Virgin Galactic Holdings CEO Michael Colglazier on Space Test Flights
Virgin Galactic Holdings’ recent successful launch rocketed confidence in the viability of commercial space travel. Watch below to see CEO Michael Colglazier react to the launch and comment on efforts to move towards commercial space tourism.
Colglazier: We had three big points we were trying to do in this test flight, the first was to test a new set of digital controllers that we have for the pilots, give them tighter steering. It worked flawlessly. It went really well as it curved just straight up into space and beautiful flight. Second thing we were doing was to ensure that we had the electromagnetic interference issue from earlier in the year and all the work that we had done on that completely eliminated that problem for us. And then finally, we collected data that we sent over to the FAA and we believe that will give us a great opportunity for them to analyze it, and then hopefully clear our license for commercial flights. So, all in all, just a beautiful day.
Host: Michael, it’s Guy in London. So what’s the journey between now and that points that license being achieved? What needs to happen? When’s the next flight? And what sort of milestones does that. Next slide have to achieve?
Colglazier: Sure well, this was our third flight to space with humans, the first from the state of New Mexico, which is a beautiful, beautiful place to look back down upon the planet. And what follows next. We have three more flights in our test flight program. Our next one will come up with a full crew of mission specialists and back. In addition to our two pilots, that one will be followed with a repeat. But we’re asking our founder, Richard Branson, to come on and really test the private astronaut experience for us. We think, who better to do that? And both of those, we expect to happen this summer. And then that will be followed by our final test flight that’s planned with the Italian Air Force really showcasing how our space systems used for microgravity science research as well as professional astronaut training. And we think that will likely happen late summer or early fall.
Host: So let’s get to that in terms of the preflight training. So we’re going back and forth on this. How healthy do you have to be? What kind of training does there have to be for a regular person to eventually book a flight on this?
Colglazier: So what’s really unique about Virgin Galactic is we take the first 50,000 feet or so with airplane technology. So we take off horizontally and our mother ship climbs out to 40, 45, 50,000 feet. And then from there, the spaceship drops and then rockets up. So it’s powerful, but reasonably smooth because we’ve gone through the heaviest part of the atmosphere, just like you would in a commercial airliner. It’s really important to stay fit in general, but it’s not something that needs years and years of training. So we recommend people stay flexible because they want to be moving around in a weightless environment and kind of looking out all the windows. But generally, we think as long as people are taking care of themselves, lots and lots and lots of people will be able to go with us.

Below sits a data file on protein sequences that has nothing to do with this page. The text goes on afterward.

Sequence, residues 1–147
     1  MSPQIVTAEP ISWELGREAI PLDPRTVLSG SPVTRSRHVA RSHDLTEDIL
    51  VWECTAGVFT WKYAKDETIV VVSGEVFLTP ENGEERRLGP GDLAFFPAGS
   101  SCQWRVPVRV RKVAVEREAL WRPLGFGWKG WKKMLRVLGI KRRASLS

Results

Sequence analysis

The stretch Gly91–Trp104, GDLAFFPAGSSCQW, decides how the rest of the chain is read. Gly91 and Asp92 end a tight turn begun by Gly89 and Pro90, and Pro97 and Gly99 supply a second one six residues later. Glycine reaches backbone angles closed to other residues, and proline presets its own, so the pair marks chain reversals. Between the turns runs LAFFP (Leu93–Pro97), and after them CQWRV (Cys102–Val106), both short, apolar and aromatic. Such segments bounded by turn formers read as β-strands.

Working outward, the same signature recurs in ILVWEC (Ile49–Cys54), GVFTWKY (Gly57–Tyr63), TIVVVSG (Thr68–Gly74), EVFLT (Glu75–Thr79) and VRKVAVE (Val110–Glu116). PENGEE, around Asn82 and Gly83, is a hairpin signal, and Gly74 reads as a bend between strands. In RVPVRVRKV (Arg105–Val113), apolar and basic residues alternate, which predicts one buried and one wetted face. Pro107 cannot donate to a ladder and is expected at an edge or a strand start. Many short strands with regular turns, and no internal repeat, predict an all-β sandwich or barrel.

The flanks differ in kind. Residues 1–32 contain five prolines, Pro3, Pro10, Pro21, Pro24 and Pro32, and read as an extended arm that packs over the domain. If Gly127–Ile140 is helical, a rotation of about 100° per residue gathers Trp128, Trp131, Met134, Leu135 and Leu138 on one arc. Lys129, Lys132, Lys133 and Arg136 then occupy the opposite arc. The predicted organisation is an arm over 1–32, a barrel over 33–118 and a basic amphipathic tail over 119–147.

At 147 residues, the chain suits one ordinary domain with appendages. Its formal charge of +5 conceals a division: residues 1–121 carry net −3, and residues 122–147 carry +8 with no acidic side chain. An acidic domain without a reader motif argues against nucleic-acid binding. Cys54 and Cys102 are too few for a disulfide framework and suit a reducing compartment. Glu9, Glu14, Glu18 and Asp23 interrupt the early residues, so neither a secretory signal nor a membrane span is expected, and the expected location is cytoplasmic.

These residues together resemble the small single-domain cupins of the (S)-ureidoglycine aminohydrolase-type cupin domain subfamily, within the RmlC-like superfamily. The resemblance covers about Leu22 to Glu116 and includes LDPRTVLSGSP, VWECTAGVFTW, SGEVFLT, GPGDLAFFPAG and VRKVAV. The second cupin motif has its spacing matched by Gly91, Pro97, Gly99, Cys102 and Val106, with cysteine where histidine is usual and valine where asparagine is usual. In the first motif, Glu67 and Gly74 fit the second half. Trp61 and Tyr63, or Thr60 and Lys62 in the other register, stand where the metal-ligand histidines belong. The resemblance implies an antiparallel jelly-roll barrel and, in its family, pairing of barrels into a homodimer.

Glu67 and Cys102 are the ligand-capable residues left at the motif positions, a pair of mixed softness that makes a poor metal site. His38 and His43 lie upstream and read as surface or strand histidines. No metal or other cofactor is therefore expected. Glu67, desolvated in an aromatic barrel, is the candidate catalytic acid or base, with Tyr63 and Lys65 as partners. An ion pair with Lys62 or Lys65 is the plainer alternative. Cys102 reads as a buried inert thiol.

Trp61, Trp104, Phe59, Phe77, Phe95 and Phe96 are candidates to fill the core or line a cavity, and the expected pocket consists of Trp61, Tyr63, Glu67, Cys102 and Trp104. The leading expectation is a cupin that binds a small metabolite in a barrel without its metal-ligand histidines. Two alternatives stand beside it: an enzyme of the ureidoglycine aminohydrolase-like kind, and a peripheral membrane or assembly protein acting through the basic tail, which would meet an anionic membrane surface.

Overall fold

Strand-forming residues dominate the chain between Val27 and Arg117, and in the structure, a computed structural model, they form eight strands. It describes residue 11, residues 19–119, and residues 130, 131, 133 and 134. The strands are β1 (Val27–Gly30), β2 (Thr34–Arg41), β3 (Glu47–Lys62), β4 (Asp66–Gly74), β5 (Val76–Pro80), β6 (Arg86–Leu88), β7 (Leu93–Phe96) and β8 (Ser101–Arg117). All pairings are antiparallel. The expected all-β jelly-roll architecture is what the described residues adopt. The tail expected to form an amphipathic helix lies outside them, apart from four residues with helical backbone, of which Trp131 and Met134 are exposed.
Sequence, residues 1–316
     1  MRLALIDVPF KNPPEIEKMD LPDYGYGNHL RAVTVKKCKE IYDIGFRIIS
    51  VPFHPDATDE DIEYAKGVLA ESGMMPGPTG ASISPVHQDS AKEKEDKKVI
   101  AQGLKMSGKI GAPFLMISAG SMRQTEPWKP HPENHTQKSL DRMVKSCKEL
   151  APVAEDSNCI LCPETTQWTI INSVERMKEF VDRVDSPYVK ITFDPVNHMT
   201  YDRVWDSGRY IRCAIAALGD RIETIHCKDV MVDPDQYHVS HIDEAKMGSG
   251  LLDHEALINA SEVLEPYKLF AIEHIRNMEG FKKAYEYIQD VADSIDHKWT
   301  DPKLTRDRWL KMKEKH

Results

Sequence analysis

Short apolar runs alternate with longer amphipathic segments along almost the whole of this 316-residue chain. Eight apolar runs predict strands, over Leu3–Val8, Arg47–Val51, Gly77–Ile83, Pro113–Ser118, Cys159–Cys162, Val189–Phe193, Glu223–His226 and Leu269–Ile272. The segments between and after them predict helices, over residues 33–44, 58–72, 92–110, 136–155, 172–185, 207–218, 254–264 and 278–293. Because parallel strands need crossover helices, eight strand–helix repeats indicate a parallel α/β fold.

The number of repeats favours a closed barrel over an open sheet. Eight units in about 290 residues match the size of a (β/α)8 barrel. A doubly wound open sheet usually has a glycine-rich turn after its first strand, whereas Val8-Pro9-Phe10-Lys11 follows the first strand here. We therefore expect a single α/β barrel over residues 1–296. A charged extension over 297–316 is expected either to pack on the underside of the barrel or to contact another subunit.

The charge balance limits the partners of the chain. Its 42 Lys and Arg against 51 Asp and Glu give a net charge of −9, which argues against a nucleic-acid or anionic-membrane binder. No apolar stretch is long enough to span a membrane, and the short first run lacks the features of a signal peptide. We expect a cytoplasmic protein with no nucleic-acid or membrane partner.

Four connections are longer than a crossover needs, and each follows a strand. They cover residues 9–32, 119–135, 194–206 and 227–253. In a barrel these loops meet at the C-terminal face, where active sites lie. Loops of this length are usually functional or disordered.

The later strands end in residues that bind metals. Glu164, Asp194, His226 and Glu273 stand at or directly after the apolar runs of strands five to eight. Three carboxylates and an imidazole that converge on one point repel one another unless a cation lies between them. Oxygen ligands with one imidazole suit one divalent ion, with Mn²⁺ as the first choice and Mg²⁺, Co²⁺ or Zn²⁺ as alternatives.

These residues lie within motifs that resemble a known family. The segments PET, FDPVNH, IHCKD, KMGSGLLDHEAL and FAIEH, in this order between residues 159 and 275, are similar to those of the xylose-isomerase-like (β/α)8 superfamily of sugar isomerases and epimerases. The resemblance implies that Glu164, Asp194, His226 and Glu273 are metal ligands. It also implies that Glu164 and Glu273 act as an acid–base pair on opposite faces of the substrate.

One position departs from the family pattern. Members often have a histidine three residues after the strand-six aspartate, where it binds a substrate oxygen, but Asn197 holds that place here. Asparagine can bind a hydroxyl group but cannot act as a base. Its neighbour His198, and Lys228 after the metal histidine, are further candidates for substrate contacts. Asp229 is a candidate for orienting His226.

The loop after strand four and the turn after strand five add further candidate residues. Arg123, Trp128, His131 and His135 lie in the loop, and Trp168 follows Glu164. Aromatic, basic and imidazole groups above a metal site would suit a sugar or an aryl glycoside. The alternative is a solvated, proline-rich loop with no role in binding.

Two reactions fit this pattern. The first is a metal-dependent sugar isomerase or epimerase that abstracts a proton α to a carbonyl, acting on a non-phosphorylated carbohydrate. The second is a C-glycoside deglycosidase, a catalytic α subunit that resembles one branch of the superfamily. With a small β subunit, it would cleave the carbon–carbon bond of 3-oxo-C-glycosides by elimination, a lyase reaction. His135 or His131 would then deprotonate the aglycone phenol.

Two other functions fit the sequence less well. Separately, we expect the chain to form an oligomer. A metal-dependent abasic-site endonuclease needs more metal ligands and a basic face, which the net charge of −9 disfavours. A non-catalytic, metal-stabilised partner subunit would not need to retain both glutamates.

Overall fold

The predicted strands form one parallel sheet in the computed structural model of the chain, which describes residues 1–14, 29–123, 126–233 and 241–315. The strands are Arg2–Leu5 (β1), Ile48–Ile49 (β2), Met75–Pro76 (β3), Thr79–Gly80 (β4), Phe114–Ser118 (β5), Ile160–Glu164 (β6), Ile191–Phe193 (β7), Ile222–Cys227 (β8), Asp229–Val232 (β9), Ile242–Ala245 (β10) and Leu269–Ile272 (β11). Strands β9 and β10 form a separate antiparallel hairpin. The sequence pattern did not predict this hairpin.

Host: OK, so not much training, Alex was concerned that I was getting a little bit old, maybe I was working so hard to think about. Let’s talk about price. In terms of this venture going forward, Michael. This is a question that I’m surprised I’m asking, but I guess we’ve got to think about it going forward, what is the path to profitability? When do you think this is profitable? Once it starts getting up and running and you kind of get through the initial kind of phase on this and this becomes more commonplace. You got to be making money off this. When do you think you’re going to be making money off this?
Colglazier: Well, the first thing we need to do, obviously, finish this test flight program. And then move into commercial service. And we believe this is going to be a supply constrained business for quite some time. The demand of this is going to be well out in front of our ability to build and scale the fleet up for a while. And as such, it will be reasonably expensive as it goes forward. Our previous 600 people generally had a price around $250,000 each. We have not announced what our pricing will be going forward. We said it will be higher in the beginning. We do see pricing of around $600,000 for per seat equivalent for our microgravity research flights. But again, we have not put pricing out for the private astronaut market.
*Bloomberg contributed to this content